Differences in male and female depression: investigation of a social interactional model

TR Number



Journal Title

Journal ISSN

Volume Title


Virginia Polytechnic Institute and State University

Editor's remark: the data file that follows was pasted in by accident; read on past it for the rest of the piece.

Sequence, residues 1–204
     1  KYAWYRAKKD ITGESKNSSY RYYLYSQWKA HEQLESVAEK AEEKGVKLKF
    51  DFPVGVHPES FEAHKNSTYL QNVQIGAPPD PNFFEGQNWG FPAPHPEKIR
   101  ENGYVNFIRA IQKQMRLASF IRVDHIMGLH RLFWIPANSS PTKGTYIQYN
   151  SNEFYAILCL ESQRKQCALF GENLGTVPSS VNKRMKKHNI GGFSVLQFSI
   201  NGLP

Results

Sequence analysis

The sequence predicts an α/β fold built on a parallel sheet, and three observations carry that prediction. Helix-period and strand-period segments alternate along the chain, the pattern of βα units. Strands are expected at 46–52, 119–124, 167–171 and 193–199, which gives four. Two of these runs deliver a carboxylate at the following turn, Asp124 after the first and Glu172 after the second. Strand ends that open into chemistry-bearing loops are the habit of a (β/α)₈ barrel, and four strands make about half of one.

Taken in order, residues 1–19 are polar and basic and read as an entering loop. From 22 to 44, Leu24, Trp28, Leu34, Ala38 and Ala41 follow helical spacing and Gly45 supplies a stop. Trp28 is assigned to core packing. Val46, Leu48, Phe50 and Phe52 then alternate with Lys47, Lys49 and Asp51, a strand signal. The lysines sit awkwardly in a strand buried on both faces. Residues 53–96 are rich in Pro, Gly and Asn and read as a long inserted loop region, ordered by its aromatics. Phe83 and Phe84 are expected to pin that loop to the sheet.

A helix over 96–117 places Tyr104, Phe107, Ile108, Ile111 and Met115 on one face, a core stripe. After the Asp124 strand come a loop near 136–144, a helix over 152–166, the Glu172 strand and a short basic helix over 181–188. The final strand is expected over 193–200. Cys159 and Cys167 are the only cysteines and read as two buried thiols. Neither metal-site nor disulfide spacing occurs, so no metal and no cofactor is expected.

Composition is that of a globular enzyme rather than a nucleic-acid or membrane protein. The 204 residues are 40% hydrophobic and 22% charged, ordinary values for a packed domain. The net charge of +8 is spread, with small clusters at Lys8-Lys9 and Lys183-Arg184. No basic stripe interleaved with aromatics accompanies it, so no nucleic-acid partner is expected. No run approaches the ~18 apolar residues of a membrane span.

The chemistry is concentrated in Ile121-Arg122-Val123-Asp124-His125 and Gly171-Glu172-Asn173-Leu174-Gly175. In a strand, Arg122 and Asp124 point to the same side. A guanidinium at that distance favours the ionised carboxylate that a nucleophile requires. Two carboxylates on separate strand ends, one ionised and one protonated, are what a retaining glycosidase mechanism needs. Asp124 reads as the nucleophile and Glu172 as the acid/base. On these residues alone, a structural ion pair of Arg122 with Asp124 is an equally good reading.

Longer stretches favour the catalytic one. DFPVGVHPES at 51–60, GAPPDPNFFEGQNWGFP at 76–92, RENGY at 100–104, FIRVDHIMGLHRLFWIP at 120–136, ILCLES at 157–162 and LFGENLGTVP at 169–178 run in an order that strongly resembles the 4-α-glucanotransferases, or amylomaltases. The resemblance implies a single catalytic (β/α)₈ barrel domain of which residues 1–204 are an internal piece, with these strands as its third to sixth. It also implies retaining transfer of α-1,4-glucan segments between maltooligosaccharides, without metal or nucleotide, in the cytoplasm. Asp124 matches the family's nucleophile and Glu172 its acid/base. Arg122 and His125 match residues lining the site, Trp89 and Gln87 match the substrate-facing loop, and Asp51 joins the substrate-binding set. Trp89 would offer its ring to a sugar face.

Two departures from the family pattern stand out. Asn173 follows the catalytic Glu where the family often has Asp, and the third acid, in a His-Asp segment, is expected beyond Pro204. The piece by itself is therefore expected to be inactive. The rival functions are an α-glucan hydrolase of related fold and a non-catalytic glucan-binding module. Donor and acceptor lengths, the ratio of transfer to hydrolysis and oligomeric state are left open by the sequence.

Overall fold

Findings of higher incidence of depression among females have spurred research examining differences in the etiology and maintenance of male and female depression. A variety of differences have been identified including behavioral, cognitive, and environmental responses. Recently, increasing attention has been directed toward the importance of social interactional factors in depression. However, this research has been contradictory and inconclusive. The purposes of the current investigation were to further explore social interactional factors using face-to-face interactions between depressed and nondepressed individuals and to explore the applicability of a social interactional model to observed differences in male and female depression. Depressed and nondepressed subjects were assigned to interact with same or opposite sex partners. The twenty minute interactions were videotaped and scored by a behavioral coding system. Subjects completed questionnaires concerning perceptions of their partner and the interaction. Results indicated that depressed and nondepressed subjects behaved similarly during the interactions. However, depression was associated with fewer initiations and more somatic complaints. Depressed subjects reported improved mood following interactions. No differences were found between males' and females' self-report of depression. However, males reported greater negative affect before and after interactions. Partner impressions differed based upon group placement. Females interacting with females were viewed most positively while males interacting with males were viewed most negatively. Sex, and not depression status, appeared to account for these differences. Implications are discussed in terms of support for behavioral and cognitive theories and alterations of the social interactional model.